James Madison is the Father of Note-Taking. Of course, the former US president is better known as Father of the Constitution, but that designation is at least partly the by-product of the man’s incredible note-taking prowess. As a delegate to the Philadelphia Convention in 1787, Madison took it upon himself to attend every session of the gathering, seated intently at the front table, keeping what he hoped might represent “an exact account of what might pass in the Convention.”
Madison’s account was certainly not “exact,” but it’s the best we have –far better than the official record supposedly kept by convention secretary William Jackson. Yet there is something dangerous about Madison’s precedent. Modern-day note-takers of a Madisonian bent are common enough at good colleges like Dickinson. There are diligent students who aspire to take an “exact” record of what they hear in lecture or read for homework. Some scrawl or type pages of notes, after spending hours underlining texts. But is that approach really the best one?
The answer to that question depends on why you take notes. Students in introductory classes preparing for an exam have one set of priorities, but students in advanced topics or seminar classes who are busy developing projects or papers should have an entirely different set of note-taking priorities. It’s not about coverage in such cases, but depth that matters. It’s not about organizing facts for later studying, but rather about organizing your mind right now, to think.
How can you take notes that promote deeper thinking? Here are four suggestions to consider:
- Less is more. Forget about coverage. Aim for quality. Try to note and remember just a single memorable quotation, striking statistic or pivotal date that you can hold onto and use later in your own work. If that’s too easy, then try to remember one of each category, or a small handful, but keep your priorities short and you will undoubtedly remember them more.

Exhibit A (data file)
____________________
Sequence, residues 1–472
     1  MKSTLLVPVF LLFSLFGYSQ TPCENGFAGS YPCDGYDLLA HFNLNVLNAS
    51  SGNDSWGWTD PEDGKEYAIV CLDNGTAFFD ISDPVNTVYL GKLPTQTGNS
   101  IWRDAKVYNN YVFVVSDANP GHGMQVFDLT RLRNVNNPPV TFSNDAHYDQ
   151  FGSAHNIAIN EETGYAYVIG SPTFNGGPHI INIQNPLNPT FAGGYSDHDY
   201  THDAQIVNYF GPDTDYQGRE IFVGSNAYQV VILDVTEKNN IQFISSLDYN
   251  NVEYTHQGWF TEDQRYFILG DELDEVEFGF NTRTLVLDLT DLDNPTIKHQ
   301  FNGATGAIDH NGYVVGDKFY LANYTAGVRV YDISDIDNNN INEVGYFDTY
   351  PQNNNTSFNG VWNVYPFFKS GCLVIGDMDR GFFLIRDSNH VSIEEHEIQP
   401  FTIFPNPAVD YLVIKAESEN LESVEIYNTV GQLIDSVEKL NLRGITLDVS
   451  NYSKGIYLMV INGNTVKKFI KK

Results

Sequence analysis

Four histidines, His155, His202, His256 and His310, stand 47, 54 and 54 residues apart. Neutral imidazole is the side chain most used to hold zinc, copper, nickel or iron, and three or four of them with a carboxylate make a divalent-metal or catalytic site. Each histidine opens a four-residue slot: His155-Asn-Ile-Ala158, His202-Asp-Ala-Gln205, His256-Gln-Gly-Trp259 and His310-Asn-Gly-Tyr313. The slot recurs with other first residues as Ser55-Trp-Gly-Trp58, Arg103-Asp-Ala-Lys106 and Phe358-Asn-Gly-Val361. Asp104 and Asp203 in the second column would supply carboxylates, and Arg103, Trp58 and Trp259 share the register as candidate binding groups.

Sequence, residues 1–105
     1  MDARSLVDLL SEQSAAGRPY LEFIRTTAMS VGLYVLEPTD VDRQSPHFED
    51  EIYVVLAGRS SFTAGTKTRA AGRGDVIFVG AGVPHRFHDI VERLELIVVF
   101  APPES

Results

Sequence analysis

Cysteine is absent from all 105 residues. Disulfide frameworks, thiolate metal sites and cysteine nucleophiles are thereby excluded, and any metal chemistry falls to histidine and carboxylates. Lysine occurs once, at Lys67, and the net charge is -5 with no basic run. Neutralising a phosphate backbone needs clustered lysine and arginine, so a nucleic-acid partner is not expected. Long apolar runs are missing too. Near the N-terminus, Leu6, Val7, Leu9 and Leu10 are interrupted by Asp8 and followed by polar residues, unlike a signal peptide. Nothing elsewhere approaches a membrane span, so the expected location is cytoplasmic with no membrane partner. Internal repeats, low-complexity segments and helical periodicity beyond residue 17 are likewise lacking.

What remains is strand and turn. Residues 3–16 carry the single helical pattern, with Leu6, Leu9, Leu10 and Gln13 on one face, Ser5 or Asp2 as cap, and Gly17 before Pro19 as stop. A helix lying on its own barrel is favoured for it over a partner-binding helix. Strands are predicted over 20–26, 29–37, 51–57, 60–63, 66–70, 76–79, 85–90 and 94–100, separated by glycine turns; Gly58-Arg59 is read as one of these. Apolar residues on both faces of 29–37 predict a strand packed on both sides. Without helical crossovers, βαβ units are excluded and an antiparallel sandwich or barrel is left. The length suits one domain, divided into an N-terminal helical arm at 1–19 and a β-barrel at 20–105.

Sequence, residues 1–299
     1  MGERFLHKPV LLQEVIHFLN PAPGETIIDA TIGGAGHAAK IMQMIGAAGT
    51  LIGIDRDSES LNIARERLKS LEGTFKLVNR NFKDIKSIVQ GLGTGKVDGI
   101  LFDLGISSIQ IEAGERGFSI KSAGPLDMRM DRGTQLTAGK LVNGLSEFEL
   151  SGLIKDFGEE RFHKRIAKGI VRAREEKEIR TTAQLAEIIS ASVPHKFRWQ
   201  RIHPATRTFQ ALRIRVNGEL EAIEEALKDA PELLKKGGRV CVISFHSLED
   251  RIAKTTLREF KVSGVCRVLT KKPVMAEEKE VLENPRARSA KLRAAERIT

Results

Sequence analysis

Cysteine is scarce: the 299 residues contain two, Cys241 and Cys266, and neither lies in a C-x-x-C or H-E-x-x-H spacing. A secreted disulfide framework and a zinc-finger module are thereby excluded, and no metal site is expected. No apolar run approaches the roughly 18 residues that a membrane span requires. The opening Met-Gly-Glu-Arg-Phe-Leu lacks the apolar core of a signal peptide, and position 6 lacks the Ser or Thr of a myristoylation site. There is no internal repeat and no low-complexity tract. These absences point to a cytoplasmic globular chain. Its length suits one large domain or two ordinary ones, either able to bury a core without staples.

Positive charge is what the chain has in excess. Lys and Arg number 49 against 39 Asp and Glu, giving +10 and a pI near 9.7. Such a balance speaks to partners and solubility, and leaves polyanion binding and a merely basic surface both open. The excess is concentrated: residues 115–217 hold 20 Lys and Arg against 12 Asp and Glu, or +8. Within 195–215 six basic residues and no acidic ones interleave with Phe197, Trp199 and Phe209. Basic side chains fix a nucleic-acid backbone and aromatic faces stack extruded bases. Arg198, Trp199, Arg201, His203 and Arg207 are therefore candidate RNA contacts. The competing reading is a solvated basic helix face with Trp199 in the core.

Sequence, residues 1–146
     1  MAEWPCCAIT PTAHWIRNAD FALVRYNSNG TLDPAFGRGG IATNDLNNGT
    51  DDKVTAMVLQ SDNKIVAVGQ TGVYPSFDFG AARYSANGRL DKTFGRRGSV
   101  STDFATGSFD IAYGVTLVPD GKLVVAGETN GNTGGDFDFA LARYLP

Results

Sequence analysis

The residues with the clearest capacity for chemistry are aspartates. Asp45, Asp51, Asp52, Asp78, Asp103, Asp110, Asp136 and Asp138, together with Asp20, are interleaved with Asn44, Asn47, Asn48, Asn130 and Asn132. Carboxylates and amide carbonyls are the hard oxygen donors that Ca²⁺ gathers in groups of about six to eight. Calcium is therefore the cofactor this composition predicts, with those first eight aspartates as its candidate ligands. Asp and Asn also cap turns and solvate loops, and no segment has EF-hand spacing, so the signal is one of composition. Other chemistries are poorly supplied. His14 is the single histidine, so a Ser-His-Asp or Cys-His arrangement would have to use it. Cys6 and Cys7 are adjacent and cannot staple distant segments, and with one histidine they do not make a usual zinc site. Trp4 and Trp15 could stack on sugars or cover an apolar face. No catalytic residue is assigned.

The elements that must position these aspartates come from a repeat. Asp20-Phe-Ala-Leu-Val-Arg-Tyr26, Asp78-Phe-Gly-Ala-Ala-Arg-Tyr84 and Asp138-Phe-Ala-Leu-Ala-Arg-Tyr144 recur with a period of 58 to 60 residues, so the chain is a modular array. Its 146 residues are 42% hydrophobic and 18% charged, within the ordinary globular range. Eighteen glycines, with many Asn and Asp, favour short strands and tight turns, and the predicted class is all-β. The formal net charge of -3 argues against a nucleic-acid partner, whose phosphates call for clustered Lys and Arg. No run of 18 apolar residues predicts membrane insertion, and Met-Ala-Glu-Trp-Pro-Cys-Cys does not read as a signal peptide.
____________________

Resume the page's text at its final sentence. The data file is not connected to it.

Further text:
- Time and space. Most note-takers, especially the studious ones, fall into the trap of following the lecturer’s or author’s structure. In other words, they summarize in linear fashion whatever they have heard or read. Don’t do that. Start with a chart, not a blank page, and try to put someone else’s idea into your framework. There are many possible frameworks, but the most helpful usually involve time and space. Build a one-page timeline template and then fill in key dates. Or start with a blank map and then arrange some key place marks.
- Re-mix. The best way to engage a topic is often to make it your own. Take somebody’s else’s key ideas and try putting them into a different format. Be creative. For example, Richard Beeman opens his narrative of the 1787 constitutional convention by identifying three “indispensable men,” James Madison “The Scholar,” George Washington, “The General,” and Benjamin Franklin, “The Doctor.” It almost sounds like a cartoon strip. Well, that’s one creative way to re-mix the argument –by turning Beeman’s narrative into a mock cartoon strip featuring an Avengers-style team of constitutional superheroes: The Scholar, The General and The Doctor. If that sounds silly, then remember that nearly all studies of the memory suggest that associating images with words is the surest way to remember them.
- 21st Century. Madison wrote in longhand on heavy paper, but he would have surely appreciated the ability to create searchable text safely tucked away in a digital file on the cloud. Don’t forget about the longterm advantages of digital storage for all of your notes, whether they are typed, scrawled, or drawn. You can create and store files in cloud-based services (such as Evernote or Dropbox) that will enable you to build a personal database of your evolving thoughts. Your own mind is your greatest database, but the idea of supplementing it with an interconnected and seamless record of your key thoughts and studies –one that is portable across devices and secure over time– is a powerful one that should appeal to everyone, most especially those would-be Madisonian note-takers.
 Quoted in Richard Beeman, Plain, Honest Men: The Making of the American Constitution (New York: Random House, 2009), 85.